Local firefighters stepped up last week to help fight the Rhea fire in northwestern Oklahoma.
Volunteers from Lake Murray Village, Criner Hills and Jimtown Fire Departments drove up to work in the area, assisting the Oklahoma Forestry Service. Eight people formed a crew, none of whom had done anything like this before.
“It was a first for all of us,” said Chad McMillan, the task force leader and fireman with Lake Murray Village. “We worked the night shift, 12 hours straight.”
Seeing the havoc of the fires at Rhea and 34 Complex has triggered a desire to form their own strike team—a volunteer team that would work with Love County Emergency Management for any local or regional emergencies or disasters.
“We would send the crew for fires, floods, hurricanes, like down in Texas, search and rescue, things like that.” McMillan said, adding that they had the approval of the Love County Board of Commissioners and the group is now discussing training with the local fire chiefs.
“We would have to do training in those areas,” said McMillan. “We would also have to train together so we can work better as a team.”
Funding for the fire departments and special efforts like assembling a strike team comes from fundraising and donations, McMillan said.
“That’s what makes it possible for us to do this work,” he said.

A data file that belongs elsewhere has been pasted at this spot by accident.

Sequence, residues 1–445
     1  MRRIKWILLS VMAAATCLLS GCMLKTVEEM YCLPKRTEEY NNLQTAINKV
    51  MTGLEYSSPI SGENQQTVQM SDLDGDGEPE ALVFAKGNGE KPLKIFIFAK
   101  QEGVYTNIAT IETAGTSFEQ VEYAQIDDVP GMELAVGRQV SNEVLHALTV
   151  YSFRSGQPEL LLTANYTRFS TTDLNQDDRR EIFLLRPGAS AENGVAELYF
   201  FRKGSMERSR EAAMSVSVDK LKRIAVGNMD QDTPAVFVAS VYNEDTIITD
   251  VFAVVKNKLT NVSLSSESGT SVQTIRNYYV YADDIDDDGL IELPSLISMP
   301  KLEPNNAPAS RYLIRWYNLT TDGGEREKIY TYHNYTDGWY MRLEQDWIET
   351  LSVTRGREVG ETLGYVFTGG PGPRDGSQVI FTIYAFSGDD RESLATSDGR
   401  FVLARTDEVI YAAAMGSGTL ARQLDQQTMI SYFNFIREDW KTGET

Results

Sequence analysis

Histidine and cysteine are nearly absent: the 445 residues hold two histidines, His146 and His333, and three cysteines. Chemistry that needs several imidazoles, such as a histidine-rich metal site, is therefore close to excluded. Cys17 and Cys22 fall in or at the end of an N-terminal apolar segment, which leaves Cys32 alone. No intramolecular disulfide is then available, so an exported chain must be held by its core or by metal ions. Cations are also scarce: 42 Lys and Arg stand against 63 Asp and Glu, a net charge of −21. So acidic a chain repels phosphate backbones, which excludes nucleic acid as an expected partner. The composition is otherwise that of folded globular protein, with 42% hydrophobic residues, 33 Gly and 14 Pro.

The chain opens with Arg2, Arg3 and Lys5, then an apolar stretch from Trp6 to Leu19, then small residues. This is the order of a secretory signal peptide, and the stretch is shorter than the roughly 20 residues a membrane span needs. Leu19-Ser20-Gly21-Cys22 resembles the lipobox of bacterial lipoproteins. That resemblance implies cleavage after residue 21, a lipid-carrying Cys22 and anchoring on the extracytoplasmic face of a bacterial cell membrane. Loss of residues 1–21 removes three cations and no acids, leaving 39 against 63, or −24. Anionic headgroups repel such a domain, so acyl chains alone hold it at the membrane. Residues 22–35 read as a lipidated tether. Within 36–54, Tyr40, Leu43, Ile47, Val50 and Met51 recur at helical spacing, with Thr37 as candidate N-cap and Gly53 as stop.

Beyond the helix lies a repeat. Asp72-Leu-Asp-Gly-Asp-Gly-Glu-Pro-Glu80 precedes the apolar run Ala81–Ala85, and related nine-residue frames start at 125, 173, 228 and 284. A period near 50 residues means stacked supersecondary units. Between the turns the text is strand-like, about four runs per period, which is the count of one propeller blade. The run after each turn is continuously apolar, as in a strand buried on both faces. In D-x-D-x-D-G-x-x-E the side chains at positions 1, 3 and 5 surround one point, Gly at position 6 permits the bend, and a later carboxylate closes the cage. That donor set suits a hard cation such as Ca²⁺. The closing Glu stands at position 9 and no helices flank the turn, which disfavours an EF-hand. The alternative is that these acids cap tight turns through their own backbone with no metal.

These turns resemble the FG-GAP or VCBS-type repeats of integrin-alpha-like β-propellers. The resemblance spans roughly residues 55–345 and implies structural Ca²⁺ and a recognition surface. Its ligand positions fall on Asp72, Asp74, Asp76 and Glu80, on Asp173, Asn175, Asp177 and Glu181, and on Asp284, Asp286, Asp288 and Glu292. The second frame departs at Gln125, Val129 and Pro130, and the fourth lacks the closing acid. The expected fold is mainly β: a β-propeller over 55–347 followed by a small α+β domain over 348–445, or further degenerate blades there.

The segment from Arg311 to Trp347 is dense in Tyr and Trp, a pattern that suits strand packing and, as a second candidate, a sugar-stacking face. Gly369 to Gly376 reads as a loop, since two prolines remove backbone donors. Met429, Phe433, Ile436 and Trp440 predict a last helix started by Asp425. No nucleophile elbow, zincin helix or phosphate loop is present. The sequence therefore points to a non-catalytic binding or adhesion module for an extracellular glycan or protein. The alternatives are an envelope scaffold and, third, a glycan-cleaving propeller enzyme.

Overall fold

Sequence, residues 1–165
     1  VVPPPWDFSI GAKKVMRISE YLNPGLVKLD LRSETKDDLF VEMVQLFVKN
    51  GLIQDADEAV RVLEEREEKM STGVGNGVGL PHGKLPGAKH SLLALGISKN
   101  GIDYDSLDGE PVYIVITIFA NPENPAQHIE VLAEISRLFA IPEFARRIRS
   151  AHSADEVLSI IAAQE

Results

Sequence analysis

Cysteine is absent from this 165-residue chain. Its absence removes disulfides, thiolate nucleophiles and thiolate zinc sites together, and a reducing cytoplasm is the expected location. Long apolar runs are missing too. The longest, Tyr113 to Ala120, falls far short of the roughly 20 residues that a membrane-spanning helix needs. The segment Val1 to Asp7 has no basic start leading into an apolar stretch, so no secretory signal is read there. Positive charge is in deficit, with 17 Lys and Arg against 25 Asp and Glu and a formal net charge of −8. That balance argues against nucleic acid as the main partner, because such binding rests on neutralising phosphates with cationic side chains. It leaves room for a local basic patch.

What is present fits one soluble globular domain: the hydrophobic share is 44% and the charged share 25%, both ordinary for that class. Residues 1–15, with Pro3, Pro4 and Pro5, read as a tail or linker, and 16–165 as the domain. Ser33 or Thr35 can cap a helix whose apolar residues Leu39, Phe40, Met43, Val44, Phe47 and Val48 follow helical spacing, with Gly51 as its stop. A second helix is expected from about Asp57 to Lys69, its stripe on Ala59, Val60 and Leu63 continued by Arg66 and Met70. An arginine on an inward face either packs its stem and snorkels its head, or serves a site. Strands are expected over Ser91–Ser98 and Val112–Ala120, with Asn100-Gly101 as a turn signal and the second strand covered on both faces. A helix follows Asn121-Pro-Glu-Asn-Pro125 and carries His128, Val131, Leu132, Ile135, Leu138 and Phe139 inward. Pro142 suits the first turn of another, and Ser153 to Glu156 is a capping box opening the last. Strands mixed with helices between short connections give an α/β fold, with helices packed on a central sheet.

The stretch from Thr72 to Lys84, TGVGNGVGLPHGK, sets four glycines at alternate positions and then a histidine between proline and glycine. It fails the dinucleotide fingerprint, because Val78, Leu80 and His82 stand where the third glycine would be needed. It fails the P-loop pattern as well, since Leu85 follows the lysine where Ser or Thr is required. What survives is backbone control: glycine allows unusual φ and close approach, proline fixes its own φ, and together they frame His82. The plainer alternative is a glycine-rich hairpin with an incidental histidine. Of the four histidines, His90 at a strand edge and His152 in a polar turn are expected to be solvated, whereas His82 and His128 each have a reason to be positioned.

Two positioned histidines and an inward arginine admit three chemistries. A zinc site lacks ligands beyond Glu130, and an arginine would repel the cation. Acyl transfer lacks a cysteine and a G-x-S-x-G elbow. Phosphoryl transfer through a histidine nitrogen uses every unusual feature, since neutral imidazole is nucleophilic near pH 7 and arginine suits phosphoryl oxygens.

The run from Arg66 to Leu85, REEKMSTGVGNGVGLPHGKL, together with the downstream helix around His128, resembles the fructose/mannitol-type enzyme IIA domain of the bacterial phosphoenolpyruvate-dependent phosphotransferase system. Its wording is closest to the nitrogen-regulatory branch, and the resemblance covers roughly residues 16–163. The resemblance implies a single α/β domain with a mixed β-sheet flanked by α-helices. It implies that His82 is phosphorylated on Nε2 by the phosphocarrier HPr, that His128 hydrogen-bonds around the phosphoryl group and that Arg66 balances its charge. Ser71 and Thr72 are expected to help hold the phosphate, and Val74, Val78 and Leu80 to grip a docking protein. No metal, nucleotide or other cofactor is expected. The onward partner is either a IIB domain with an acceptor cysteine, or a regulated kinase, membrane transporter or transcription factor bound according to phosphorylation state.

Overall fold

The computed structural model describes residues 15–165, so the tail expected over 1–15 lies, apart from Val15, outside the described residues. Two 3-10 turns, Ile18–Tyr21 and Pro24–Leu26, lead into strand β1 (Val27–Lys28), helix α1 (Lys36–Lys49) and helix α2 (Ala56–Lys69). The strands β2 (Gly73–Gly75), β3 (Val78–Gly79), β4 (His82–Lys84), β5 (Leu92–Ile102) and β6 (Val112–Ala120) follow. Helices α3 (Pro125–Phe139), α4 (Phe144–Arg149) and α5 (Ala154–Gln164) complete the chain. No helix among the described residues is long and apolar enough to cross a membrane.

Criner Hills Volunteer Fire Department, one of the departments that participated in the crew that fought the Rhea fire, will hold its annual hamburger cookout fundraiser and auction starting at 5:30 p.m. Saturday at the station on Countyline Road in Overbrook.
“None of this is a one-man thing,” McMillan said. “It’s a team effort.”
Lake Murray Village Fire Department will have their own fish fry fundraiser on May 19.
A wet Wednesday has granted some reprieve to northwestern Oklahoma counties ravaged by fires over the past two weeks, despite rainfall amounts lower than forecasted.
Rainfall has prompted some improvement and the initial attack on new fires is expected to be successful though the remainder of the week. As of Wednesday no new activity was reported in the east central, southeast, or the Forestry Service’s prescribed fire areas. Three new fires burned 15.5 acres in the northeast area, all of which were caused by escaped prescribed and debris burns. The burn ban remains in effect for much of the western half of the state.